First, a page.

Thanks to Woun at the SSMB for the YouTube conversions!
In other news, JPX Brutality, the Xbox360Achievements.org forum member with an early copy of the game, has shared some more details from the game’s manual.
New details with quotes from the manual include:
– Story Mode/World Grand Prix Mode synopsis.
“If you consider yourself the fastest Extreme Gear rider, why not enter the World Grand Prix and prove it? Riders who enter the Grand Prix will tour around the globe to compete on various courses designed solely for this extreme racing event. The season opener will kick start on a brand new course on Dolphin Resort, so don’t miss your chance to become the undisputed champion of the world. See you all at the starting line with your Board Gear!”
– A shop run by Omochao, where you can buy new parts to customize your Extreme Gear with.
“Access the shop from the Main Menu to purchase additional Extreme Gear and parts with accumulated Rings. Select an item from the list to display details and parameters, then drag the item onto the Cashier panel at the bottom right to purchase”
– Character bios
Sonic the Hedgehog
“Sonic is a hero who loves to live free and does not tolerate any devious deeds. He can be short tempered at times, but is always there for those who are in trouble. He usually travels at supersonic speed on foot, but with his new and advanced Gear, he’ll be cruising even faster in style at the Grand Prix with his teammates Tails and Knuckles.”
Miles “Tails” Prower
“A kid fox with two tails- hence his nickname “Tails.” He loves tinkering with machinery, and has developed various devices to support Sonic’s adventures in the past. All of Team Heroes’ Extreme Gear are built and customized by this brilliant engineer.”
Knuckles the Echidna
“Knuckles is the defender of the giant Master Emerald on the floating island in the sky known as Angel Island. To bring toughness to the track, his Extreme Gear is built to enhance his physical abilities.”
Jet the Hawk
“Jet is the captain of a treasure hunting team known as Babylon Rogues. He is considered the most technically gifted Extreme Gear rider with the ability to accurately read the wind streams. He holds high standards and considers Sonic as an ultimate rival since he is the fastest on land. As a team leader, Jet also dislikes showing any sign of weakness to anyone.”
Wave the Swallow
“Wave is the only gal on the Babylon Rogues, who also happens to be their top mechanic. Being a super achiever, she’s in charge of upgrading all of the Extreme Gear and their airship and even analyzes unknown treasures in her spare time. Although she is older than jet, she faithfully respects and follows him as her leader.”
Storm the Albatross
“Storm is the heavyweight rider of the Babylon Rogues. As his frame indicates, he has enough strength to crush a boulder with little effort. He is scorned by Jet for many of the things he lacks but he is happy to defer to Jet’s leadership and to be his right-hand man.”
“Amy is always hot on Sonic’s heels as his self-professed girlfriend. With a spark of energy and her trademark item- the Piko Piko hammer, she is ready to track down the blue blur wherever he goes. Hoping Sonic will be racing at the Grand Prix once again, she decides to join the event.”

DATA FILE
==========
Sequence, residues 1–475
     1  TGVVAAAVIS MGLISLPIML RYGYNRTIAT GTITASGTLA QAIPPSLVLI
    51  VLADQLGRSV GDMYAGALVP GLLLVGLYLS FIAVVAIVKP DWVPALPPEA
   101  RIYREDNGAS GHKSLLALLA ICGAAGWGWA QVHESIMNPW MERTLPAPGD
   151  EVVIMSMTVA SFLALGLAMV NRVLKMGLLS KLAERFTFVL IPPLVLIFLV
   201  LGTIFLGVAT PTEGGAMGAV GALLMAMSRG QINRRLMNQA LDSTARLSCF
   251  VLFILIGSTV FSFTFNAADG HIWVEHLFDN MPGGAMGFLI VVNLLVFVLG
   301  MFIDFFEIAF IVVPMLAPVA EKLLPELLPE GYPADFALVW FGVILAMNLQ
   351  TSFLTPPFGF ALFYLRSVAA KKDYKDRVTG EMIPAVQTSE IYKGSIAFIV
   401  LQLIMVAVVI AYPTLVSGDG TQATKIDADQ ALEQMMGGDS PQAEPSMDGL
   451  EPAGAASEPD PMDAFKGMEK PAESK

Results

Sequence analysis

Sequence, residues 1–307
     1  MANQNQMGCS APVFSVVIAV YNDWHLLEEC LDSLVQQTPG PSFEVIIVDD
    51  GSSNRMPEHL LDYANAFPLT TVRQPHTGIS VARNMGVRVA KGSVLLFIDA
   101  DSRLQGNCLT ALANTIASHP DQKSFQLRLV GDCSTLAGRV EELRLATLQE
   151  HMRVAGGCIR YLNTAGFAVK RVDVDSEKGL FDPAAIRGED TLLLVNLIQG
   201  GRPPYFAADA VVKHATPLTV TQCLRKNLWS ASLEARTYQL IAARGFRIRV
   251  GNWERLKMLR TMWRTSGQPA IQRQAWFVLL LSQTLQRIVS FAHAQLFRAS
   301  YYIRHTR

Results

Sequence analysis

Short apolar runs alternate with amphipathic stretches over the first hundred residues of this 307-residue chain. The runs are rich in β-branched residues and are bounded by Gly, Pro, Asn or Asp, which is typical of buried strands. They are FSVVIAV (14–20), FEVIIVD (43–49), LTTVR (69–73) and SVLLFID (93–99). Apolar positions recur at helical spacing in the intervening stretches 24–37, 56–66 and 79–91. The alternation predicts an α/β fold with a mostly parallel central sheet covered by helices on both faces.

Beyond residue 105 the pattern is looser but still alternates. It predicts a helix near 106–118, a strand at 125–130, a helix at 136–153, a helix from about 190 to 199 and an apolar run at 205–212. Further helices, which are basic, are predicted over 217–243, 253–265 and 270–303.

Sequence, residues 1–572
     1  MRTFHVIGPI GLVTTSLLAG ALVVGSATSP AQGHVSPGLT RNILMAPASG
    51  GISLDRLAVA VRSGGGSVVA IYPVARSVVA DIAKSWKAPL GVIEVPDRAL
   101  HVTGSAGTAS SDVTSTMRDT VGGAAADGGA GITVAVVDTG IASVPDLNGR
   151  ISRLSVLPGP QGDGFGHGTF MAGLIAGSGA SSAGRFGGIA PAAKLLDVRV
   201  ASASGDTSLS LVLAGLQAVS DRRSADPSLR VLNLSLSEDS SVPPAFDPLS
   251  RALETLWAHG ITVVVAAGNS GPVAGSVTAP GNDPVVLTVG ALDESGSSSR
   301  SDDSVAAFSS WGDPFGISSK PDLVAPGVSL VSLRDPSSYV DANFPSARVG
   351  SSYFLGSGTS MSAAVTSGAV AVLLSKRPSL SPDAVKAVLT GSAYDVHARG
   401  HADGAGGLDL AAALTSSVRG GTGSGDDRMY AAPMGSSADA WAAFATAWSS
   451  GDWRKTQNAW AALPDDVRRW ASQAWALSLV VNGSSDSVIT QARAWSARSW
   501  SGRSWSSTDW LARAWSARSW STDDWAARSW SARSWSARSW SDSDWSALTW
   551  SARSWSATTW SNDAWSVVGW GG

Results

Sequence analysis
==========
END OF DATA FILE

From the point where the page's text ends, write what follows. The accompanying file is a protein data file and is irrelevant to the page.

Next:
“An evil scientific genius who is always coming to blows with Sonic and his friends, since he is always scheming for world domination. The question is how this mad scientist will attempt to crash the party this time around.”
Shadow the Hedgehog
“This dark hedgehog boasts running speeds to rival Sonic’s. Though uninterested in the Grand Prix itself, he is eager to test his riding skills and would like to beat Sonic.”
Offline: Players 1-2, Co-op 2-4
Online: Multiplayer 2-8, Leaderboards, Voice
No downloadable content feature is listed.
– Kinect specs
KINECT sensor required, Voice enabled, Players 1-2, Co-op 2-4, In-game Avatar, Activity level: Standing/active
JPX Brutality finishes by explaining the various offline and online modes in the manual:
Tag mode is really cool. Its the games version of co-op. You work as a team to win the race and you can combine riders by facing eachother and locking hands. This brings the screen to just one instead of split and you share rings, air, and have increased speed and jump capabilities. Very cool looking. So far this game looks like one of the best actual co-op games for Kinect. You actually interact with eachother instead of just standing in the same screen.
Relay race is also really cool. 2 players race one lap with the other two waiting outside of view and once you get back the the start line your player enters the pit and you trade spots. While in the pit you can pump your arms up and down to collect air to use. This can be done 2 vs 2 or you can can do 4 vs cpu.
For Xbox live you can race online against up to 7 other players. Modes include Quick Match: Quickly search and enter available online races. Custom Match: Use search filters to find online races you wish to enter. Create Match: Create a race and invite other Xbox LIVE players. Xbox LIVE party: Set up an online part to easily connect with up to eight players.
There’s still no picture proof, so we’re still going to have to treat this all as rumour for now.
Source: Xbox360Achievements.org forums